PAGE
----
Recently I covered new online photo sites from Web giants Google and Yahoo. In both write-ups I mentioned that these sites really need synchronization capability. Here's why: Most people keep their photo libraries on their computers. And that's the way it should be. While Web applications are great, there's really nothing like desktop software for speed, especially when you are dealing with large files such as photos.
But to share images, we generally upload them to Web sites because it's easier for our friends to get to those sites than to the images on our computers, which at any time may be bandwidth-limited, disconnected, or turned off.
I believe you should be able to make changes to photos on your PC and have those changes automatically reflected in your online albums. You should also be able to make changes on the Web and see them on your PC. Anything else is a recipe for disaster or at least confusion. As users' photo libraries grow and we all share more libraries online, it's won't be practical for us to keep track of the different versions of our media that we're now storing in different places.
There are (at least) two tools that enable computer-to-Web photo synchronization now: Phanfare and Sharpcast. (Other players include Photosite, which has a desktop application with rudimentary synchronization capabilities, and CNET's own Webshots, which I can't cover because of our conflict-of-interest policy.) I covered the Sharpcast concept briefly from the D4 conference. But recently the product became available as an alpha release, and I was eager to compare it to Phanfare.
Both products have desktop applications that you use to manage your online photo albums. In both applications you can acquire photos, create albums, and edit photos to varying degrees. With Sharpcast and Phanfare, as soon as you make a change to your photos or albums on the desktop, it's automatically replicated to your Web account.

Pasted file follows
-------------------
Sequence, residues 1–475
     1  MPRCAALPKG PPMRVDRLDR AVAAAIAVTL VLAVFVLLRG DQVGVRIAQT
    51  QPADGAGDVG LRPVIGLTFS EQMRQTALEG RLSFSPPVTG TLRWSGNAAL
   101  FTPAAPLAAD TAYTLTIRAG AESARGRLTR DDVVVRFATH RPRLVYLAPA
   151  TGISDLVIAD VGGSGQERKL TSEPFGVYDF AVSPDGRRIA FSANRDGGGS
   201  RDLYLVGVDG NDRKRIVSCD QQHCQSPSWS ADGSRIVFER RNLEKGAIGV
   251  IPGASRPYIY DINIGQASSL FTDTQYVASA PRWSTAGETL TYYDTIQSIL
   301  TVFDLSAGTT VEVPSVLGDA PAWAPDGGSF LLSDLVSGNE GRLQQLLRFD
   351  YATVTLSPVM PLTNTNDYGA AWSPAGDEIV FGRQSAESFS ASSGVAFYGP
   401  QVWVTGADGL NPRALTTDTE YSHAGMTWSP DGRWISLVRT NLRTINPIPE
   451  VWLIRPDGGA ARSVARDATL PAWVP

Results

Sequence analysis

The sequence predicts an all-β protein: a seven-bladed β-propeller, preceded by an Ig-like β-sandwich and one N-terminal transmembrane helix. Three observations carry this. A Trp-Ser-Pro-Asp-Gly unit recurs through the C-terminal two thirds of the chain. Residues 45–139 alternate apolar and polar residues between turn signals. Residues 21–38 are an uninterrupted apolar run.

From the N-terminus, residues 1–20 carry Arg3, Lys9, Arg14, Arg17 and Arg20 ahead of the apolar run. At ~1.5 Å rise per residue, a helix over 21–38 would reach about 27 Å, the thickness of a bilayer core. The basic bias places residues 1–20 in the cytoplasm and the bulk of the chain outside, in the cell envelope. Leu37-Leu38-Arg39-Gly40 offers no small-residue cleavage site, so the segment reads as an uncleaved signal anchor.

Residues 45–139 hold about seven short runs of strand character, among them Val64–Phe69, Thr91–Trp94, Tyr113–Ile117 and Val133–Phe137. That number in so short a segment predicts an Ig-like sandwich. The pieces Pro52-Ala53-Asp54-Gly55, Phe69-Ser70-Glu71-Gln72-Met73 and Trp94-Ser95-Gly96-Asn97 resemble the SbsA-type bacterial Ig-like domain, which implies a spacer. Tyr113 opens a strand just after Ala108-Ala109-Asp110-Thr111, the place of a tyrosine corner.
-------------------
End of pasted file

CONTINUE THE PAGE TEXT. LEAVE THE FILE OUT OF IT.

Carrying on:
Also in both systems, if you install the desktop client on a new computer, then connect it to your online account, it reads in your photos from the Net when you start up, so any photos you've put into these systems won't be lost if you have a hard drive catastrophe on your home PC. You can also put separate computers on the same account, and changes you make on one machine are instantly replicated to the other. This is exactly why synchronization is the way to go: Once you put your file in the system, you don't have to worry about where it is. It's everywhere.
For the moment, the Phanfare desktop client has an advantage over Sharpcast, since it supports video files, and it has a decent, if basic, photo editor.
On the Web, Phanfare has a more engaging slide-show function: it plays background music and does Ken Burns-like pans and zooms on images to keep things dynamic. It will also play video files if they're in photo albums and appropriately duck the music track down so that you can hear the audio. Sharpcast's slide shows are basic.
On the other hand, Sharpcast allows you to do rudimentary editing on its Web site. You can reorganize photos, create albums, and even add photos. (Phanfare should get online album-editing capabilities this summer.) Changes you make on Sharpcast's site are replicated to your desktop application, which again is what we should expect from offline/online products like this. You edit anywhere and see your changes everywhere. Phanfare's synchronization is one-way, from PC to Web only. You can't edit your albums online.
On the other hand, there's no storage limit in Phanfare; Sharpcast, still in alpha test, limits you to 2GB (about 2,000 photos).
Both systems let you give selective photo access to certain people. So even if you have your entire library online, that doesn't mean everybody will be able to see it.
Both systems also allow you to e-mail photos into them, so you can add media to your account from anywhere, including from a camera phone. But in Phanfare, you have to manage the new photos from your PC.
Dozens of photo-sharing services exist, and eventually more of them will get offline and synchronization tools. For the moment, the best bet for photo syncing is Phanfare. Sharpcast appears to have a more complete synchronization offering (there's even a mobile slide-show editor coming), but the product is still in alpha testing.
Phanfare's downside: Aside from its current one-way (PC-to-Web) synchronization limitation, it's also one of the few photo sites that doesn't offer free services. There's a 30-day trial, but after that it costs $55 a year.
Neither of these integrated solutions is, yet, a workable replacement for a full-fledged PC photo management system such as Picasa, Acdsee, or iPhoto. But they do make working with online albums much easier, and they give us a hint of what the future of photo management will offer: integrated local/online photo management, where you get the speed and capability of local computers, the ability to share media over the Web, and synchronized storage so that you don't have to worry about managing separate libraries.
Do you want all your photos in one interface?